Purpose: The study aimed to translate the Paternal Postnatal Attachment Scale (PPAS) into Korean and to evaluate the validity and reliability of the Korean version of the PPAS (K-PPAS). Methods: The PPAS was translated, back-translated, and reviewed by 12 experts and 5 fathers following the World Health Organization's guideline. A convenience sample of 396 fathers with infants in their first 12 months participated in this study. For construct validity, an underlying factor structure and model fit was assessed with an exploratory and confirmatory factor analysis. Convergent and discriminant validity and reliability of the K-PPAS were evaluated. Results: The construct validity of the K-PPAS with 11 items was identified by two-factor structures: healthy attachment relationship, and patience and tolerance. The final model fit was shown acceptable with the normed chi-square = 1.94, comparative fit index = .94, Tucker–Lewis index = .92, root mean square error of approximation = .07, and standardized root mean square residual = .06. This model had acceptable convergent and discriminant validity for each construct with the values of the composite reliability and heterotrait–monotrait ratio at a satisfactory level. Discriminant validity with known groups showed that fathers with no postnatal depression had significantly higher scores on the K-PPAS than those with postnatal depression. Cronbach's α and McDonald's omega coefficient of the K-PPAS was .84 and .83. Conclusions: The K-PPAS would be beneficial to measure postnatal attachment among fathers with infants aged 12 months or younger in Korea. However, further studies are suggested to evaluate the applicability of the scale considering the various family structures, such as single or foster parents and multicultural families that exist within the Korean population.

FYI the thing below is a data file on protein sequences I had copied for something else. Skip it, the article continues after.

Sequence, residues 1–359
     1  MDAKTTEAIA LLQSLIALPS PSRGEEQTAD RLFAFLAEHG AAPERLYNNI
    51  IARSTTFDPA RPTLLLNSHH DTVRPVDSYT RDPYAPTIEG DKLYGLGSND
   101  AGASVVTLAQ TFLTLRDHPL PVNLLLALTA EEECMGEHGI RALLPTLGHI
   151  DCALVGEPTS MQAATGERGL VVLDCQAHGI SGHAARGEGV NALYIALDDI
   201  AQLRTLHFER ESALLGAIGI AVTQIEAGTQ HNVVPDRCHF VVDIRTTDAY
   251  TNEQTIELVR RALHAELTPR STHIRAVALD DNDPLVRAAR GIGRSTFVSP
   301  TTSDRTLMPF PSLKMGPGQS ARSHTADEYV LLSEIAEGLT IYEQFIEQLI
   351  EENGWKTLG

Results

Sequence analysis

Bibliographical noteFunding Information:
This article is based on a part of the first author's master thesis from Ewha Womans University.
- father-child relations
- object attachment
- reliability and validity
- validation study